By tokenizing securitizes of smaller, private bundles of assets and enabling transfers of those assets over public blockchains, issuers can split up their securities into extremely small units and those units can be stored and sent cheaply over publicly auditable blockchains. This atomization lowers the barrier to entry significantly for investors which broadens the available pool of investors, increasing liquidity of the securitized assets, and lowers the cost of capital of the issuers.

↓Barrier to Entry→↑ Available Pool of Investors→↑ Liquidity of Assets→↓Cost of Capital

In addition, regulators would benefit from improved audit-ability and enforceability. In all likelihood these securities will be issued on and traded on regulated marketplaces that will automate KYC/AML compliance. Not only will these marketplaces have records of all the participants and happenings on their platform, there will be an immutable digital trail of evidence provided by the always audit-able public blockchain the securities anchor to.

Where’s the Innovation?

Security tokens themselves aren’t a technological innovation but the combination of public blockchains, financial entrepreneurs, and regulators working together will lead to the further democratization of financial markets and monetization of previously illiquid assets. Most of these markets and assets are only accessible to the wealthy. The innovation is more of a social innovation, increased accessibility, as opposed to a paradigm shifting technological advance.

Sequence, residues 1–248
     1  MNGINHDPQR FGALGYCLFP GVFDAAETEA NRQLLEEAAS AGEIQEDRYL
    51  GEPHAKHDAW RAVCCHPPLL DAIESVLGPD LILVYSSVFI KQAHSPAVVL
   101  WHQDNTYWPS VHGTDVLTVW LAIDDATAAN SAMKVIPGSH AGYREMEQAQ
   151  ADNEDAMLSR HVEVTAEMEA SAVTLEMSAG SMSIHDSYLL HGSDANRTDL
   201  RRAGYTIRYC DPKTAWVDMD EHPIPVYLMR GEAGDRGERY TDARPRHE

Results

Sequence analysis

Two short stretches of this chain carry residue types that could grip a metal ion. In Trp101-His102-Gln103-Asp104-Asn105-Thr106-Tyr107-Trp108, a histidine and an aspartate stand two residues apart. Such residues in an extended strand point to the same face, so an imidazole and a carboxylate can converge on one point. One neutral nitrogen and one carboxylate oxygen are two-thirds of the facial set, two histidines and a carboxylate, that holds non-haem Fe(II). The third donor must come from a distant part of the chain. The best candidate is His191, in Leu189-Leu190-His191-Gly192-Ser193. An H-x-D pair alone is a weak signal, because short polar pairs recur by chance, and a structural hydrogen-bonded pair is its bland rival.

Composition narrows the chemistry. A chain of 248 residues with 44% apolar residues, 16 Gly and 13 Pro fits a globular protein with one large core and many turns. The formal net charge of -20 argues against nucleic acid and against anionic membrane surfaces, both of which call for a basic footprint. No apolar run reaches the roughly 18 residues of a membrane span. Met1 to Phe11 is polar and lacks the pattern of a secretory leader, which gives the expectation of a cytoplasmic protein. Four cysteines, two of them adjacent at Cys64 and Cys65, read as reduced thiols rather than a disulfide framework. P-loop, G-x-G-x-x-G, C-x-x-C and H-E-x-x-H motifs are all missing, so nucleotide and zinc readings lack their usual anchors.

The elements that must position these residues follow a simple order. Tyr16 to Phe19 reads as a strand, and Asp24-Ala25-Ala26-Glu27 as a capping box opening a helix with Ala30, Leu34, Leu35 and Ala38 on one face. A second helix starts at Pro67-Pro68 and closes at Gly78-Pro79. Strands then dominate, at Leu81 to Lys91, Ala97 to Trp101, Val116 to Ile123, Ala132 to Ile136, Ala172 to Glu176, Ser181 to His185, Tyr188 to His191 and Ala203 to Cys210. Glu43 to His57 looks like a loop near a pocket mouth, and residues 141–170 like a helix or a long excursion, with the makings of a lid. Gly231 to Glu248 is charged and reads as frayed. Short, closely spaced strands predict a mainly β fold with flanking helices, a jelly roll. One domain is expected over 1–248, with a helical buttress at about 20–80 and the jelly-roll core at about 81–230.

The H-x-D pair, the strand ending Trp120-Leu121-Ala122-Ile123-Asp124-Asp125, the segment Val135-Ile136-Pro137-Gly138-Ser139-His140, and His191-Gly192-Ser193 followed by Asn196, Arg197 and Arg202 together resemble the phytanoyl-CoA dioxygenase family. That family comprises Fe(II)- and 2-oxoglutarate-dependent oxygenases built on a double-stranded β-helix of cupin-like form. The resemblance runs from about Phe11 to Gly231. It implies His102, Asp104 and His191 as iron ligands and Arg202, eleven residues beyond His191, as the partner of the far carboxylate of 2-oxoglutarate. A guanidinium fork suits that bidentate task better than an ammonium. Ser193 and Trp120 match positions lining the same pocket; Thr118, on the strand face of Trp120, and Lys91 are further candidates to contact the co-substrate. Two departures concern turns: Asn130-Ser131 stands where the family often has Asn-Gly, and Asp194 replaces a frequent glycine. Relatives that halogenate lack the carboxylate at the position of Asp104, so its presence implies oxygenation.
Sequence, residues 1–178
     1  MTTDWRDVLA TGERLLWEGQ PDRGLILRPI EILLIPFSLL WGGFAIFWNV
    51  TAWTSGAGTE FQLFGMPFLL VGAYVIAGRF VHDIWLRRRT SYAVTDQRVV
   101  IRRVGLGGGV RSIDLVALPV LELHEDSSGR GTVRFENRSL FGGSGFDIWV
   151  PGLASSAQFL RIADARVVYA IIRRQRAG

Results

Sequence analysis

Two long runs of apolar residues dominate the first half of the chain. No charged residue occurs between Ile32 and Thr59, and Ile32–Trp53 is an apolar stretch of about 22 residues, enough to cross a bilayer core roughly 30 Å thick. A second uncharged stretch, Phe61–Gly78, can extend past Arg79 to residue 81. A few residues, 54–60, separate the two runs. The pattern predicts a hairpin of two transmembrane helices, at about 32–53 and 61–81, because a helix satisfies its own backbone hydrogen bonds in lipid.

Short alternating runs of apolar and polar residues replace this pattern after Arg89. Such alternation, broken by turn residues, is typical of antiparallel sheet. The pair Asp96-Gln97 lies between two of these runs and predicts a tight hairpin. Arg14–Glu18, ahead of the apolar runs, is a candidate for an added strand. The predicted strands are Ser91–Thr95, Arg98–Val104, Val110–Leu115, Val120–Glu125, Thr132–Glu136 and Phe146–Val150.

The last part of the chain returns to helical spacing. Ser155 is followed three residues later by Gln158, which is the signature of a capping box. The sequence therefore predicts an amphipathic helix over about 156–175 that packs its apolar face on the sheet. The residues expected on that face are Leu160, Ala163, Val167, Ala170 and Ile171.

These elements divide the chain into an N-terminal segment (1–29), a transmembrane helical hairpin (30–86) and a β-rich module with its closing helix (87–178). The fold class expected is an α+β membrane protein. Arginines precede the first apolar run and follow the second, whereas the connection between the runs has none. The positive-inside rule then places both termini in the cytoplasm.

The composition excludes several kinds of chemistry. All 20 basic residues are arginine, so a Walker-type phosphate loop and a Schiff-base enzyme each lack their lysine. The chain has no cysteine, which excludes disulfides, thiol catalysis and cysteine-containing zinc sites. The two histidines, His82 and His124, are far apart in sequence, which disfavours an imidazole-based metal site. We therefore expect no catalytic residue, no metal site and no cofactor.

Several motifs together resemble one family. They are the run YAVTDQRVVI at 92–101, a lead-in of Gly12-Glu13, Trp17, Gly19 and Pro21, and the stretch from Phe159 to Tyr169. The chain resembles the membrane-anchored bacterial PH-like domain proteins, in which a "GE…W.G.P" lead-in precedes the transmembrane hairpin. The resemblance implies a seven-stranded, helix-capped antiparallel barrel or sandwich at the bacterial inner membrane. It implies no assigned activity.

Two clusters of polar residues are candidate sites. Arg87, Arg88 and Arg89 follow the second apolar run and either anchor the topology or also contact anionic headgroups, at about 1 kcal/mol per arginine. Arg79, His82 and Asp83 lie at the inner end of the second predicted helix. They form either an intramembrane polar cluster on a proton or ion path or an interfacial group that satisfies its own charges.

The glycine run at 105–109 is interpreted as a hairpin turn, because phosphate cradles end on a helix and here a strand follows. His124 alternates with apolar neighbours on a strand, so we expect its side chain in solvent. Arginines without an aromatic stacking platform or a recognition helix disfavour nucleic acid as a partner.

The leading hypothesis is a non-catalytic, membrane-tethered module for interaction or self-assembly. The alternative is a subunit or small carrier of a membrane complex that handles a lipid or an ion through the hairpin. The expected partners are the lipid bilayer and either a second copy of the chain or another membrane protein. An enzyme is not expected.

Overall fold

However there could be some real financial innovations that come out of the convergence of technology, entrepreneurs, and regulators. The tokenization of assets leads to the possibility of programmable ownership much like invention of Bitcoin realizes the possibility of programmable money. Programmers and financial engineers would be able to embed logic in their tokenized securities allowing for a preponderance of financial creativity that wasn’t possible before.

There could be a diversity of dividend schemes where issuers could embed logic that allows dividend pay outs every week or every month or every year instead of the standard quarterly dividend. They could even make those payments in a cryptocurrency like Bitcoin. This might make sense for a miner who has issued a security token based on its operations. Yield rebalancing, covenants, and coupon payments for debt tokens could be embedded into the logic of tokenized debt. Corporate governance could take place via shareholder controlled wallets for activities like shareholder voting and direct communication between the corporate entity and the shareholder.